If all that spending didn’t cure poverty, then surely more spending isn’t the answer. Indeed, maybe it’s the problem. Welfare and other aid programs ensnare people, leading them to become dependent on their monthly check rather than finding jobs and starting businesses. In 1960, just before the Great Society’s dramatic increases in welfare programs, the out‐​of‐​wedlock birth rate in the United States was 5 percent. After 30 years of rising welfare benefits, the rate was 32 percent; young women had come to see the welfare office, not a husband, as the best provider. Welfare created a cycle of illegitimacy, fatherlessness, crime, more illegitimacy, and more welfare.

Likewise, the United States has spent over $1 trillion on foreign aid. And yet, the Clinton administration reported that “despite decades of foreign assistance, most of Africa and parts of Latin America, Asia and the Middle East are economically worse off today than they were 20 years ago.” Government‐​to‐​government aid has tended to strengthen governments in poor countries at the expense of business and individuals and has made governments increasingly dependent on their rich lenders. Few countries have “graduated” from aid to self‐​sufficiency. After all that aid, according to a National Bureau of Economic Research study, sub‐​Saharan Africa is actually poorer than it was 30 years ago.

It’s not even that the Post reporters weren’t aware of the facts. In the 19th paragraph, the front‐​page story notes that “there are more than 80 poverty‐​related programs, which in 2003 cost $522 billion.” The next line reads, “Yet despite those programs, 37 million Americans continue to live in poverty.”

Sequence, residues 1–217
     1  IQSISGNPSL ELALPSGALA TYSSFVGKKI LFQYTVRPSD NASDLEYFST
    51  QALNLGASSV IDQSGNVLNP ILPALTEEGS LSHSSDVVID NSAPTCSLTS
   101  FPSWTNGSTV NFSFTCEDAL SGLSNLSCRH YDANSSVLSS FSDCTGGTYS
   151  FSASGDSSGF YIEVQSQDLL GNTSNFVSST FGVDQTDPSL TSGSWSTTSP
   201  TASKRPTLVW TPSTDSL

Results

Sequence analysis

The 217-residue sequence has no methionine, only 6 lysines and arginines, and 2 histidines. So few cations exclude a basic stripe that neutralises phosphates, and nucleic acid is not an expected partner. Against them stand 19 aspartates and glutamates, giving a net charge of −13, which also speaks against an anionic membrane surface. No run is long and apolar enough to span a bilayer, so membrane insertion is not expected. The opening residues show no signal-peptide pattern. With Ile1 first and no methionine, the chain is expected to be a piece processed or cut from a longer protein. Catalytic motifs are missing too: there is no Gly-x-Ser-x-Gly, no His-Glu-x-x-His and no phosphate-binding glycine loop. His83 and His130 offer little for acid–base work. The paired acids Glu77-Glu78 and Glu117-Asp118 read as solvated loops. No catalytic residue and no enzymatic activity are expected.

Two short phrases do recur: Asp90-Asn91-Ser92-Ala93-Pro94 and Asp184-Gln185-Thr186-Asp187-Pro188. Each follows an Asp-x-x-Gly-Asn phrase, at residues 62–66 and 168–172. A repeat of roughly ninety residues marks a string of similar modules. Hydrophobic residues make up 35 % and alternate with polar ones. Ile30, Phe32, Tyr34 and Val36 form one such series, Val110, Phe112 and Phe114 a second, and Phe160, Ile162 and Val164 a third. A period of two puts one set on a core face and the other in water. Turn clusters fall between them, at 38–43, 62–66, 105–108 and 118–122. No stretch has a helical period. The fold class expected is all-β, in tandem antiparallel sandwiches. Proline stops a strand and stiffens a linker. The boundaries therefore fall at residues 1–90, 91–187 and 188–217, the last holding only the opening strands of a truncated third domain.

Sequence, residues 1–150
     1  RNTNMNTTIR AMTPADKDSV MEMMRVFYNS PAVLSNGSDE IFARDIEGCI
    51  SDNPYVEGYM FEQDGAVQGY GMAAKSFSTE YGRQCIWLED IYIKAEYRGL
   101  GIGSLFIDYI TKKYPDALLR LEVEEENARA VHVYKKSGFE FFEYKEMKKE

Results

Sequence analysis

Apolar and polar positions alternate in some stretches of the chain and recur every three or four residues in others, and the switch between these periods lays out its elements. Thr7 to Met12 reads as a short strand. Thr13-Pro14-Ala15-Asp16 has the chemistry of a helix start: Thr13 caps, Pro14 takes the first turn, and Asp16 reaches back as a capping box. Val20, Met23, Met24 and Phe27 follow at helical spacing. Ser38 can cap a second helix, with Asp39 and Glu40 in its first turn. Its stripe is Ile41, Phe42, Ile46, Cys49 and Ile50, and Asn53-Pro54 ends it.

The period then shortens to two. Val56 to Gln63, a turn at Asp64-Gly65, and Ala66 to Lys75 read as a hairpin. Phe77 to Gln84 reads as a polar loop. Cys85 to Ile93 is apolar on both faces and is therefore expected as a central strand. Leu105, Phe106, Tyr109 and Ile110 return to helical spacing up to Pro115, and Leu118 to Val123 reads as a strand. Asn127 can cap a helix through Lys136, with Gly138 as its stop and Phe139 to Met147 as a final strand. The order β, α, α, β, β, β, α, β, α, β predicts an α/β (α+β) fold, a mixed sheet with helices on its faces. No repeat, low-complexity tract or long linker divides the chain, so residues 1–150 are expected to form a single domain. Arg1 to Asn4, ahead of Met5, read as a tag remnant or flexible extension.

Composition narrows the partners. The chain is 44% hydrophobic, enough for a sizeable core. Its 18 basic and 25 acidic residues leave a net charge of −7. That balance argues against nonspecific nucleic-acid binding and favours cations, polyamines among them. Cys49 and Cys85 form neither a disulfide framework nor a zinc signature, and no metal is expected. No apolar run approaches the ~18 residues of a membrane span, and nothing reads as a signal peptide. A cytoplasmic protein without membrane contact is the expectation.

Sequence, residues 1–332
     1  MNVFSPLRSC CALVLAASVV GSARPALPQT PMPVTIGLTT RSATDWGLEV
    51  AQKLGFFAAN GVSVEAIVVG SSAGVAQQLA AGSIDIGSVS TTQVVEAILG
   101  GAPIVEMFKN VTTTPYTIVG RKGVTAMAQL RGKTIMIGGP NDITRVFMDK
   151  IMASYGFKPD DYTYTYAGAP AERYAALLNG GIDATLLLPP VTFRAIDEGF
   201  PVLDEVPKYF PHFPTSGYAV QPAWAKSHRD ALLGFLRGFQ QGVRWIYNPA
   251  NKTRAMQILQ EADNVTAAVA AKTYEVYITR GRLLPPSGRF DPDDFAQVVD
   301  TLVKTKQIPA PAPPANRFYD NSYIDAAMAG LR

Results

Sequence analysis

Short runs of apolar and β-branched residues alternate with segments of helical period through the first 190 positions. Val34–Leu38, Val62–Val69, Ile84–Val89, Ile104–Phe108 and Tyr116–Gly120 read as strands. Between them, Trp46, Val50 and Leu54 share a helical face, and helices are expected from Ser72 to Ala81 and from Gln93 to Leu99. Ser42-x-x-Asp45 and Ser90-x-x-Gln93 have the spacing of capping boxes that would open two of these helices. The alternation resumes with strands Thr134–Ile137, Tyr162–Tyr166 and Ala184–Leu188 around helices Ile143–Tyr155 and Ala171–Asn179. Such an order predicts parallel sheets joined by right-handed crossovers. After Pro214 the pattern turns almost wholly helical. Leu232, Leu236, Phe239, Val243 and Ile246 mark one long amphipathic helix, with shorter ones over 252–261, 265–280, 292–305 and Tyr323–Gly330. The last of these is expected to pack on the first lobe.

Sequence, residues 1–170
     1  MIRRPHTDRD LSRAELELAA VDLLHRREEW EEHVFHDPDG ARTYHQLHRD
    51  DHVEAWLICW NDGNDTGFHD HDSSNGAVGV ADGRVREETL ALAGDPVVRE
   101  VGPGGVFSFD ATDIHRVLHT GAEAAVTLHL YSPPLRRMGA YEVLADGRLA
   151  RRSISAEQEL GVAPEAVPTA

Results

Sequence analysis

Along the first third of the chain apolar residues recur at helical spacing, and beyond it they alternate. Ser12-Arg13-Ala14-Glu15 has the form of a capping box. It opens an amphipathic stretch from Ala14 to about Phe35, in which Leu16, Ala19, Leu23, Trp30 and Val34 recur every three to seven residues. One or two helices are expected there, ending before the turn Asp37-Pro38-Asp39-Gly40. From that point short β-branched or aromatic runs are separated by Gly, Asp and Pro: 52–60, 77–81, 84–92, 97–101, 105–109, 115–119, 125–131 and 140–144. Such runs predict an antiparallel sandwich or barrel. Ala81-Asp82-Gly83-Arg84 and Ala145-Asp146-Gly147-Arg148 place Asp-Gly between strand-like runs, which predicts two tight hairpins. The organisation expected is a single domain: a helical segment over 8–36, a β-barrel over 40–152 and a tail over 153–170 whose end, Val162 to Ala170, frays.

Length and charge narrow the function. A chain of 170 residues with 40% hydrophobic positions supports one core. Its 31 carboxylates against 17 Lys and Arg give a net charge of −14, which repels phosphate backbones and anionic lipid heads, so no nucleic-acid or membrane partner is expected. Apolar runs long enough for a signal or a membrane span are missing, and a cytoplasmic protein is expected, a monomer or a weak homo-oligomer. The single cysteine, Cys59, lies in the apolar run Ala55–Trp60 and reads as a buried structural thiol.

Maybe “despite” is the wrong word. The reporters should consider the possibility that the sentence should read “Because of those programs, 37 million Americans continue to live in poverty.”

Similarly, the editorial notes that other policies such as free trade and liberal immigration laws may benefit poor countries more than government‐​to‐​government aid. But the editorial writers still can’t break free of the idea that giving taxpayers’ money to bad governments will help their oppressed citizens.

It’s time for new thinking about poor people and poor countries. Transfer payments don’t work; they trap both people and countries in a state of dependence instead of self‐​reliance.

Markets work. People who get a job–any job–and stick with it until they find a better one will stay out of the welfare‐​and‐​poverty trap. But welfare is a powerful lure away from the world of work.

Markets work internationally, too. If you rate all the countries in the world by the degree of economic freedom they have, that turns out also to be a ranking of their prosperity. Per capita income in the freest 20 percent of countries is 10 times what it is in the least free countries. Those latter countries need property rights, free markets, honest courts, and low taxes–not foreign aid.

And reporters need new glasses, to let them see the evidence in front of them rather than relying on their outmoded assumptions.